Restrictions on travel to the US are having a damaging impact on international scientific collaboration, as Vera Lüth explains.
The free circulation of scientists, the freedom to pursue science, to communicate among scientists and to disseminate scientific information, are generally taken for granted in the regions we commonly refer to as the free world. The guarantee of those freedoms is the most important goal of IUPAP, the International Union of Physics and Applied Physics. Unfortunately, the events of the past few years have led to the curtailment of those freedoms. Visa problems have restricted travel to the US and have had a severe impact on the ability of scientists from many countries to continue their collaboration with scientists in the US.
While there have been difficulties in obtaining US visas in the past, these problems have become much more severe due to new rules and procedures. These procedures were introduced as part of the security measures to prevent illegal immigration, the infiltration of terrorists and the transfer of information that might lead to the design of weapons or their illegal import. Consular officers now have to interview all applicants and are held responsible for the consequences of their decisions. This has led to long delays in approvals and some denials of visas to bona fide scientists from many countries, primarily Russia and China. For them the visa application process has been drawn out from a few days to many months. On average, applicants wait for more than four months without any indication of when a decision may be made. Also, while the application is pending, the applicant’s passport is held at the consulate, thus preventing him or her from travelling to any other country.
A recent consequence has been that the attendance at the IUPAP-sponsored International Lepton Photon Symposium held at Fermilab was significantly affected. Realizing that the chances of obtaining approval in time were slim, many of the invitees withdrew their application; others did not want to subject themselves to the application process. This was apparently true not only for scientists from countries that have visa restrictions, but also from some Western European countries. While four years ago 46% of the invitees from countries with visa restrictions attended the Lepton Photon Symposium at Stanford, this was down to 27% at this year’s meeting. Almost all the Russian scientists travelled on multi-entry visas or were already in the US. The Chinese delegation was reduced to a single scientist, compared with 12 at Stanford in 1999. Their invited speaker, Lioyuan Dong, was denied a visa. Hesheng Chen, the director of IHEP in Beijing and a member of ICFA, received approval for a visa, but too late to allow him to travel. He wrote a letter of protest to the chair of IUPAP’s Commission on Particles and Fields, pointing out that he and his senior colleagues had repeatedly been prevented from travelling to the US. Indeed, IUPAP will discuss the overall situation at a forthcoming meeting.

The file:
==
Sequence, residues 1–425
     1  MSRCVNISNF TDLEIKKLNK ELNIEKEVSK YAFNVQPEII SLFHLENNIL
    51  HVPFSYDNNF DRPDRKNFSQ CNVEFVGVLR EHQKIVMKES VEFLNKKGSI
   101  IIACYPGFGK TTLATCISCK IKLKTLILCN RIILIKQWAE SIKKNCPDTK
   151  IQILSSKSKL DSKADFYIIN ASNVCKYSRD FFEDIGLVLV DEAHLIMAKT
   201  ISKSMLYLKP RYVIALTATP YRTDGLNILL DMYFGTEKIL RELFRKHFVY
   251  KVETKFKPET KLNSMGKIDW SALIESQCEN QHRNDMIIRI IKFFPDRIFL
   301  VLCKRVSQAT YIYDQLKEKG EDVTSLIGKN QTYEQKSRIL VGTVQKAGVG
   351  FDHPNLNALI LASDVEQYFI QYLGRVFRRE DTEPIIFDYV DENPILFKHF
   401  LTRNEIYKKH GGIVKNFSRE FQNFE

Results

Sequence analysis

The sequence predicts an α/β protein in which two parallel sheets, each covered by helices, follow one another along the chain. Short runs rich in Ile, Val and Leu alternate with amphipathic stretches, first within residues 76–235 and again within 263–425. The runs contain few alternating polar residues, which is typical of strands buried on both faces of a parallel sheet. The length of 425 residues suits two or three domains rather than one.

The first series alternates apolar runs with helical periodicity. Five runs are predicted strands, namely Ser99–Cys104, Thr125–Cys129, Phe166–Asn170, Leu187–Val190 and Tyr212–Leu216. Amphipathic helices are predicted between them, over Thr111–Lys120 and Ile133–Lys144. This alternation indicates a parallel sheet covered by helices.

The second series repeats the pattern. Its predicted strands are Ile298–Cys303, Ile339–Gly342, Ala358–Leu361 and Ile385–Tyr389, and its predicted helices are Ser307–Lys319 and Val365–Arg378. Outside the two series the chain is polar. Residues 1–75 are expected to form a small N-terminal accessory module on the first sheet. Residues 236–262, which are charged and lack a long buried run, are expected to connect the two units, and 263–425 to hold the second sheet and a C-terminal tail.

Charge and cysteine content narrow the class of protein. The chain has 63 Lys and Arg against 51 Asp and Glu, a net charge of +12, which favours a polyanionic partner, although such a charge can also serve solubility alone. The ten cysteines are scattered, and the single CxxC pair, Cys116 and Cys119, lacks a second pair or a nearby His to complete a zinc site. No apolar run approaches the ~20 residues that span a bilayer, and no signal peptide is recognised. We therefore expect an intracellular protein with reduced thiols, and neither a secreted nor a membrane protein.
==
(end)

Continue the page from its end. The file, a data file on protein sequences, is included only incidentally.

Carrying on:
Probably a wider impact than restricted attendance at an annual conference is the irrevocable harm caused to the US science community’s international collaborative efforts. For many decades particle physicists have been working at large laboratories, travelling frequently from country to country and sharing equipment and funds. An example is the D0 experiment at the Tevatron. To a very large degree, the D0 muon tracking system was designed and built by Russian groups. The visa denials and delays are threatening the full realization of the enormous investments by these scientists and their home institutions, and as a result the funds committed by the Russian government to support this project are likely to be redirected. The fact that this and many other activities involving our Russian and Chinese colleagues are performed under the auspices of government-to-government agreements stresses the irony and seriousness of the current situation.
The American Physical Society, the organizers of the Lepton Photon Symposium, several prominent scientists, and I as chair of the Commission of Particles and Fields of IUPAP, have tried through the US National Academy of Sciences (NAS) to intervene at the State Department, at the Department of Energy and at other government agencies. The NAS, which is recognized by the US government as the adhering body for international science unions, has increased its efforts to report on these impediments to the Bureau for Consular Affairs, to develop procedures to account for reported delays and refusals, and to coordinate the reporting with other professional societies. But despite recent pronouncements by the State Department, the situation has worsened.
While I understand the need for tighter security and controls of the borders in these troubling times, I am convinced that the visa restrictions for scientists do not serve that purpose. To the contrary, collaborations among scientists have in the past been highly beneficial in times of crisis – they have helped to reduce international tensions rather than impeded security. I personally fear that unless there is clear evidence that the imposed measures have a truly damaging impact on the US, it will be difficult to attract the attention of the US Congress or government. Thus, it is my hope that the international community in Europe and Asia may be able to raise these issues at the highest levels and delineate the current procedures as deleterious not just to science, but to international relations in general.